A dunning letter is a notification sent by a business to a customer to remind them of an overdue payment. The primary goal of a dunning letter is to collect accounts receivable that are past due.
The process of sending these reminders is often referred to as “dunning,” and the letters typically become progressively more serious the longer the payment is overdue. The first dunning letter might be a gentle reminder of the overdue payment, while subsequent letters could outline potential consequences of non-payment, such as late fees, interest charges, credit reporting, or legal action.
Despite the potentially serious implications, the tone of dunning letters is typically professional and courteous, to maintain a positive customer relationship.
The exact content of a dunning letter may vary depending on factors like local laws, industry practices, and the nature of the relationship between the business and the customer. Some businesses may also make use of dunning calls, emails, or text messages in addition to or instead of letters.
Example of a Dunning Letter
Here’s a basic example of what a first dunning letter might look like:
[Your Company’s Letterhead]
Date: [Current Date]
[City, State, ZIP]
Dear [Customer’s Name],
We hope this letter finds you well.
According to our records, as of today’s date, your account has an outstanding balance of $500.00 from invoice #12345 dated [Invoice Date], which was due for payment on [Due Date].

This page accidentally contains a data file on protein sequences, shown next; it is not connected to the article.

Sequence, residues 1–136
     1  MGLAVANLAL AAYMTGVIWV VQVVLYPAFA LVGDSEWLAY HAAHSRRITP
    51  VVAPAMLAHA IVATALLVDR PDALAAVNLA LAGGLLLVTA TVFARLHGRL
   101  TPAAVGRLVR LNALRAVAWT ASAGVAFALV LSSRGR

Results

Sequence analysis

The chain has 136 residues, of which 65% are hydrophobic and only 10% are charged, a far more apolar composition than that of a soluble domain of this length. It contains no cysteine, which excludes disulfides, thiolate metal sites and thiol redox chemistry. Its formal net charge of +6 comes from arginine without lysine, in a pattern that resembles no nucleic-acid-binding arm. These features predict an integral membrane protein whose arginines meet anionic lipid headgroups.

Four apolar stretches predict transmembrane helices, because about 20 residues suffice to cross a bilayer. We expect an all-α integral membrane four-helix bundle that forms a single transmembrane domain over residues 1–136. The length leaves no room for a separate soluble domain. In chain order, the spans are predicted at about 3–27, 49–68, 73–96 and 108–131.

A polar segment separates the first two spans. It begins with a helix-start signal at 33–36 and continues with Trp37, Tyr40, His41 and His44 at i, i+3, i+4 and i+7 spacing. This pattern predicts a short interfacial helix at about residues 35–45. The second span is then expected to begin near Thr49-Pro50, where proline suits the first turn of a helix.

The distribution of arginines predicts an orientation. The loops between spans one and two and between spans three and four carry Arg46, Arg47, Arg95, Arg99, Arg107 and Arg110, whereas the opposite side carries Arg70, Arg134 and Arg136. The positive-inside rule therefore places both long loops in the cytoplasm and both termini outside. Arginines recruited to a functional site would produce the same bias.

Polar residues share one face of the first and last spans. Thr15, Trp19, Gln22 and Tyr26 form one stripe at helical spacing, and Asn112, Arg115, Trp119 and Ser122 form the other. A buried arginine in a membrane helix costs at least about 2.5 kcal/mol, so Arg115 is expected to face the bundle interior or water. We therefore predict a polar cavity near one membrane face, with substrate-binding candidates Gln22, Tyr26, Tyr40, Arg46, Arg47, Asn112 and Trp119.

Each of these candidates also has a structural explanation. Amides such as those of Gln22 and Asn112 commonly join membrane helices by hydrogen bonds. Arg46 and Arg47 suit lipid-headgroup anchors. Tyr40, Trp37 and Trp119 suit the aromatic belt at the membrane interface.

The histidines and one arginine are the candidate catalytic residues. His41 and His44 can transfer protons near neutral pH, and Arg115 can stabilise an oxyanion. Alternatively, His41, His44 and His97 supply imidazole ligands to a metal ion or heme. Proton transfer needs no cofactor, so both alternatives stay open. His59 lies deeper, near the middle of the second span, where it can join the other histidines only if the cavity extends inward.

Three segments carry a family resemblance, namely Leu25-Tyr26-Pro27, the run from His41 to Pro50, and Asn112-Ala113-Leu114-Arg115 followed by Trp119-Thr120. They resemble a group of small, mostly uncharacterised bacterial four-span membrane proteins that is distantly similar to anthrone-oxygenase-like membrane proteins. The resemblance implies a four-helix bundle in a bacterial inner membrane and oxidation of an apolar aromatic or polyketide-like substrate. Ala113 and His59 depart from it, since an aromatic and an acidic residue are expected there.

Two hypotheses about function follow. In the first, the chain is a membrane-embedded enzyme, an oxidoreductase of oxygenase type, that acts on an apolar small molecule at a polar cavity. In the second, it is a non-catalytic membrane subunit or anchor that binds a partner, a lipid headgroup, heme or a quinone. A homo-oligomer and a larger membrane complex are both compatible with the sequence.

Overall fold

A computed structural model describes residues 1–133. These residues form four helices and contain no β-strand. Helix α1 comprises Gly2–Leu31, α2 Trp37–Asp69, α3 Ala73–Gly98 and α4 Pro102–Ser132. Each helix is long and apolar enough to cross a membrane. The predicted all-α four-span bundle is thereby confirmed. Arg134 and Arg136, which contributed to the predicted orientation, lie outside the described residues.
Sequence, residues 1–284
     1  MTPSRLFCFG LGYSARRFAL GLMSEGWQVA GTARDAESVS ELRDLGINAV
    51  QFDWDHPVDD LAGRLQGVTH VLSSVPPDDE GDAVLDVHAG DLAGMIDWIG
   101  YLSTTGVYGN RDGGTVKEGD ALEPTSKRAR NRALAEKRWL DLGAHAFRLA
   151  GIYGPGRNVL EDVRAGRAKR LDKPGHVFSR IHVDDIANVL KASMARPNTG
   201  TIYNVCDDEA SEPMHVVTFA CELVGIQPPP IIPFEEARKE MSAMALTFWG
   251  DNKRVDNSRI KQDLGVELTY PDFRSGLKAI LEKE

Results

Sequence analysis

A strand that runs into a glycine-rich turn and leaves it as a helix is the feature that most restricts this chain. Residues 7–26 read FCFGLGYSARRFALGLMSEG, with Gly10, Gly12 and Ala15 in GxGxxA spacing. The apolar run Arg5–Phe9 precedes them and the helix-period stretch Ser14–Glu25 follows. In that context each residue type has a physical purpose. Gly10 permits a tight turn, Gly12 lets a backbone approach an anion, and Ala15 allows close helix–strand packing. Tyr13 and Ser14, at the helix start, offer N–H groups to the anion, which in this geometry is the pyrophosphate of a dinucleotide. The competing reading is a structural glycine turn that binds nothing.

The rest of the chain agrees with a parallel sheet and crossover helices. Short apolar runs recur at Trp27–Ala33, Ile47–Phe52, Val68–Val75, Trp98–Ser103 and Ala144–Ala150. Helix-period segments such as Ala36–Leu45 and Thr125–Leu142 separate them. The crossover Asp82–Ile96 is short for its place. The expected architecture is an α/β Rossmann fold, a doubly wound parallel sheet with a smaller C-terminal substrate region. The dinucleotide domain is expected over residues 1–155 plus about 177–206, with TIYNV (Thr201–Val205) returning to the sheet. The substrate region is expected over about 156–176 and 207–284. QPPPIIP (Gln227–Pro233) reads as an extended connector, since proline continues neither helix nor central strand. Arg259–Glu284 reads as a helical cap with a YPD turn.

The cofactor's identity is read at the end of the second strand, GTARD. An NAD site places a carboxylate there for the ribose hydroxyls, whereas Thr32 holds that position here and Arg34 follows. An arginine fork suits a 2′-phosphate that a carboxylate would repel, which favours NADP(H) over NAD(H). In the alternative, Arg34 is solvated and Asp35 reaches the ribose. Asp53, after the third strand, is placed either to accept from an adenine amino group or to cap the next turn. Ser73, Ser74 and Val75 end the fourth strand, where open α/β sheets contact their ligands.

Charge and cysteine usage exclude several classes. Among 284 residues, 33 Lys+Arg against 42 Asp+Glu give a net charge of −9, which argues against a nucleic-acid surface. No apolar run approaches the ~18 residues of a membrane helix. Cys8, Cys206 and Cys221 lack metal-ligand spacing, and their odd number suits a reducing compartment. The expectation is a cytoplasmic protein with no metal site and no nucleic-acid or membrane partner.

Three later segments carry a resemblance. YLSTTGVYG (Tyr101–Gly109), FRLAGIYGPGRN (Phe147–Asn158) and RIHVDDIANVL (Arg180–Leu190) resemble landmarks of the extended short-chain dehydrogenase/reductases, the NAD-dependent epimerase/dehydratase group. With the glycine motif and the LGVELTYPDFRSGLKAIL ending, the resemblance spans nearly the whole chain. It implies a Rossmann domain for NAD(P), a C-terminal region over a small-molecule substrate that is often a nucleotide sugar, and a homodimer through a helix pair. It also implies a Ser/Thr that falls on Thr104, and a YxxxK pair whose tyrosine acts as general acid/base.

We understand that oversights happen from time to time, and it could be that this payment has simply been overlooked. If you have already made this payment, please disregard this letter. If not, we kindly ask that you settle this payment at your earliest convenience.
You can make a payment by [Specify Payment Methods: Online, Check, Bank Transfer, etc.].
If you’re unable to pay the full amount at this time, or if you believe there’s an error with your account, please contact our Accounts Receivable department at [Contact Number] or [Email Address] at your earliest convenience so that we can assist you in resolving this matter.
Thank you for your immediate attention to this matter. We value your business and look forward to a continued business relationship.
[Your Contact Information]
Please note that the tone and content of this letter is gentle and polite. It gives the benefit of the doubt to the customer, assuming that the missed payment could be an oversight, and offers assistance if there is a problem. Depending on the customer’s response (or lack of response), future dunning letters might take a more assertive tone, but they should still be professional and respectful.